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Liv

by James Fallon, W Magazine, July 1998. Photos by Michael Thompson.

Once a precocious teenager, Armageddon’s Liv Tyler has grown up into a precocious adult.

Liv Tyler's in a mess.

The actress has been living at the Covent Garden Hotel in London for the past few months, and now she's packing up to fly away. "It looks like I’m such a slob," Tyler says, standing in the midst of open suitcases, cartons and room-service trays.. "I'm really not - it's just trying to pack up four months of stuff. I bought way too many clothes and books."

Tyler, 20, has just finished filming Onegin, opposite Ralph Fiennes, and she's off to Cannes to do publicity for that film as well as for Armageddon, the upcoming Bruce Willis blockbuster. After a few days in Cannes, she'll jet back to America and go right into Robert Altman's latest movie, Cookie Fortune. She has keen keeping up this pace since last fall, when she shot the period drama Plunkett and MacLane in Prague, and had to fly back to the US four times to shoot her remaining segments for Armageddon.

"The most sleep I got the whole time was flying in British Airways first class, because of the beds," Tyler says, flopping down on a sofa and kicking off her black and white striped flip-flops. "It's been a hit wild."

While separated from her family and Friends, Tyler has tried to make the hotel room feel like home. A small teddy bear with a pink ribbon around its neck sits comfortably tucked under the covers of her bed. She has also brought over some baby pictures, which are now packed away in one of the seven cardboard boxes that sit against a wall.

"Joaquin brought me the bear when he visited, along with my rubber ducks." Tyler says, referring to her boyfriend of two and a half years. Joaquin Phoenix, whom she met when they filmed Inventing the Abbotts. Despite rumors that the two had Split, Tyler is clearly besotted with Phoenix. She refers to him constantly - revealing that she falls asleep immediately every time she spends the night with him, and that he's always part of her wishes.

"I wish all the time about things," says Tyler. "I wish on loose eyelashes; I made a wish about Joaquin the other day on a dandelion; I wish on 'Star light, star bright'... things like that. I'm definitely a wisher, although you have to be careful what you wish for."

Despite a few rare moments like these, when Tyler really acts her age, it's hard to believe she's only 20. Tall and voluptuous, she's also incredibly poised. Even greeting a stranger at her bedroom door doesn't seem to faze her. There's no shuffling of feet or staring at the floor. Instead there's simply a look-'em-in-the-eye, straight-armed handshake, with a hand that's as large as a man's. Yet virtually everyone who meets Tyler is struck by her remarkable openness and innocence - surprising traits, considering everything she's lived through so far.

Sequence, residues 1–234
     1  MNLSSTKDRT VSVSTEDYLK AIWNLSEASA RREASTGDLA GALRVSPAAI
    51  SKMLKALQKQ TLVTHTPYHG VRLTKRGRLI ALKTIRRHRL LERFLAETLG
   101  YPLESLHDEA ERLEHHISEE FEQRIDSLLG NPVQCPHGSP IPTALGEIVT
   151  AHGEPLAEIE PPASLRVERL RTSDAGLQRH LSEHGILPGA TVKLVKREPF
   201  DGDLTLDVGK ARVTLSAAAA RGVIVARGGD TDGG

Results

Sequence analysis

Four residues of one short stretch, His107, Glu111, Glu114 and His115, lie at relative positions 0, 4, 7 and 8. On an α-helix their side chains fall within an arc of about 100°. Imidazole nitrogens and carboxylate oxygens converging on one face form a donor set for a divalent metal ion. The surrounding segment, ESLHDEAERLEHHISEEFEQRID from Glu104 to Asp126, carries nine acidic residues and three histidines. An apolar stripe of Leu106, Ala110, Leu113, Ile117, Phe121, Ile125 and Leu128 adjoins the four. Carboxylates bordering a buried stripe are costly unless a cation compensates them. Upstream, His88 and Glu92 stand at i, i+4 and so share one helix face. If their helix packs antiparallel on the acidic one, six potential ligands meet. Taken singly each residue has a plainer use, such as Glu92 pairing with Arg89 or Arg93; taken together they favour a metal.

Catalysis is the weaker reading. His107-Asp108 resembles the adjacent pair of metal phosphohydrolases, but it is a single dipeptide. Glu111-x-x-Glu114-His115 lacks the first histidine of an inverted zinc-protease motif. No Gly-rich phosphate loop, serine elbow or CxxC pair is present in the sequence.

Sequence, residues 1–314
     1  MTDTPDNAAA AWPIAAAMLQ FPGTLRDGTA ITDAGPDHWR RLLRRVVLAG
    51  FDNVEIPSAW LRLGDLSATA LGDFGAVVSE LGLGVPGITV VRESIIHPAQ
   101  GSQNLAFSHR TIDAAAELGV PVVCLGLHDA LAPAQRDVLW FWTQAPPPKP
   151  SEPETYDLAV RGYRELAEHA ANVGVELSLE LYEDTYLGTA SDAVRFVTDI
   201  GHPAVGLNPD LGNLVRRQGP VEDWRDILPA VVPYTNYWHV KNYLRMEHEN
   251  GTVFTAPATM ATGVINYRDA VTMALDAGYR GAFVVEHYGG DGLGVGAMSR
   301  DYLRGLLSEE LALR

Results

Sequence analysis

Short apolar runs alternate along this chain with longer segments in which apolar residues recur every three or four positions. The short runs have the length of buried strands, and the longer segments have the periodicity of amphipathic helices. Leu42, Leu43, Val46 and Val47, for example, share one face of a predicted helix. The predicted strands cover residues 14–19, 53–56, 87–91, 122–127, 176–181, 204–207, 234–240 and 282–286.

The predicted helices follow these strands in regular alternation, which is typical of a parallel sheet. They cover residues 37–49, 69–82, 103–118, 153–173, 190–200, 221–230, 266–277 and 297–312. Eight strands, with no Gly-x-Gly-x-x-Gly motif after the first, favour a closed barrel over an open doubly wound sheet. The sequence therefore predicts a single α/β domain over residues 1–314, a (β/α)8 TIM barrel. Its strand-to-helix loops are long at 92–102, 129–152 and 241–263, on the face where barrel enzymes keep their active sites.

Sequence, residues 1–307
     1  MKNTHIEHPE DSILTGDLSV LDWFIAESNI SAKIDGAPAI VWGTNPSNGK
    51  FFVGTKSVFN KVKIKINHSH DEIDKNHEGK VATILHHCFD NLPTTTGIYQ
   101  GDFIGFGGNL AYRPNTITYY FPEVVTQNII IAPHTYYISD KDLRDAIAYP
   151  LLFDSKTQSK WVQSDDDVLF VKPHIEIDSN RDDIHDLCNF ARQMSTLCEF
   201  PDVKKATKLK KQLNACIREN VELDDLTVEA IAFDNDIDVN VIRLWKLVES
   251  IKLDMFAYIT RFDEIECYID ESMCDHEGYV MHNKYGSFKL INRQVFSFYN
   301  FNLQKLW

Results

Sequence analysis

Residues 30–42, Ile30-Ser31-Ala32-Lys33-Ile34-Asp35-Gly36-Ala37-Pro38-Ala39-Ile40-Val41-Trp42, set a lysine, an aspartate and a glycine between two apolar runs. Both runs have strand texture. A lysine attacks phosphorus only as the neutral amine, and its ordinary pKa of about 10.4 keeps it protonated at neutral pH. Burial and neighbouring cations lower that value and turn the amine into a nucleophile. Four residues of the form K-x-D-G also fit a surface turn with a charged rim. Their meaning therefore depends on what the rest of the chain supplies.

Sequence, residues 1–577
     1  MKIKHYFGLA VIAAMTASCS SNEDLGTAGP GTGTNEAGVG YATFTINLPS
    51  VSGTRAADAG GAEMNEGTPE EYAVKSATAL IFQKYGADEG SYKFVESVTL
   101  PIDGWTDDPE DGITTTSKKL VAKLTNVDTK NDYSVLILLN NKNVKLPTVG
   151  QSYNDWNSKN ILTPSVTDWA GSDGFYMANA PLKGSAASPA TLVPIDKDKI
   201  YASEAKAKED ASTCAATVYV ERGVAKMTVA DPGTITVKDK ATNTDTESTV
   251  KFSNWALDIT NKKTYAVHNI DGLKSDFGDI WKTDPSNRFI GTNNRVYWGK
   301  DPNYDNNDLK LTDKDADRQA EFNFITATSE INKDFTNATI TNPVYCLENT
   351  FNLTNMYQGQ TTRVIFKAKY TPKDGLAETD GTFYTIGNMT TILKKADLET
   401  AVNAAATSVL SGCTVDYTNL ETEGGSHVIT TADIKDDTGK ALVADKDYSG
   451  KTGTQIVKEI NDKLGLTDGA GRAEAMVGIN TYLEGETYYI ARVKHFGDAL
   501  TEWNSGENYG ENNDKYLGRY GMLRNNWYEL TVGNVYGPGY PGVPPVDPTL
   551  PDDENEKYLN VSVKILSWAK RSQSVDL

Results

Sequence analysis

The daughter of longtime groupie-model musician Bebe Buell, Tyler grew up thinking that her father was Todd Rundgren. When she was still a baby, her mother sent her to live in Maine, where Buell's cousin raised her until she was three. Buell then moved up from Manhattan to be with her daughter, and they moved back to New York together in 1989.

If being raised by a singer whose boyfriends included Rundgren and Elvis Costello weren't unconventional enough, Tyler learned at age 10 that Rundgren wasn't her father. Buell revealed that her real dad was Steven Tyler of Aerosmith, who didn't even know he had a daughter. Liv had been introduced to him a year before, backstage at a Rundgren concert, and she'd noticed a striking resemblance between herself and the singer.

"We do things in exactly the same way," she says excitedly, lighting a cigarette. "Last Christmas, I went down to visit him and I was wearing overalls and a straw hat. He got out of the car when he met me and he was wearing army overalls and a hat as well. We just looked at each other and laughed. When we're together we, just have so much fun. He'll mix these healthy drinks in his kitchen and we'll take them up to his dressing room. We both wear the same size clothes and we'll just stay up there trying on clothes for hours. And we're both obsessed about our complexions and have 8,000 different potions and lotions and things in our bathrooms."

"Even when he's on stage he's still my daddy," Tyler continues, her voice growing softer with emotion. "He... sparkles. It's as if be's glowing from inside. He's always so excited about life and so happy. I'm like that, too; even when I'm depressed I'm just thankful to be alive. I remember my mother telling me when I was little to always appreciate things. We were never that religious, but I remember that as being my religion."

Tyler laughs as she recalls her school years, which ended at age 14 when she dropped out to become a model. "I'd go to school and be hyperactive and get kicked out of class," she says. "I remember my last few years at York Prep and the principal, Mr. Klineman, who liked me a lot. Every time I'd be kicked out of class and sent to stand in the hall, he'd be walking by and he'd just look at me. He really understood me and would talk with me about life. He knew I was responsible and mature but I was always the one standing in the hall!"

In small-town Maine, Tyler's family life also helped her stand out from the crowd. There weren't many other kids at school whose mothers sang in a band. Tyler remembers going to her mother's concerts and seeing the parents of all her school friends there.

"My life was different from all of theirs, mainly because they were all rich and had big houses and we didn't," she says. "We weren't poor, but we struggled at lot."

Once she began modeling at 12 - after her mother's friend Paulina Porizkova took some pictures of her and showed them to an agency - Tyler would go to school during the day and then dash off to a modeling assignment. But she disputes stories that describe her as a model-turned-actress.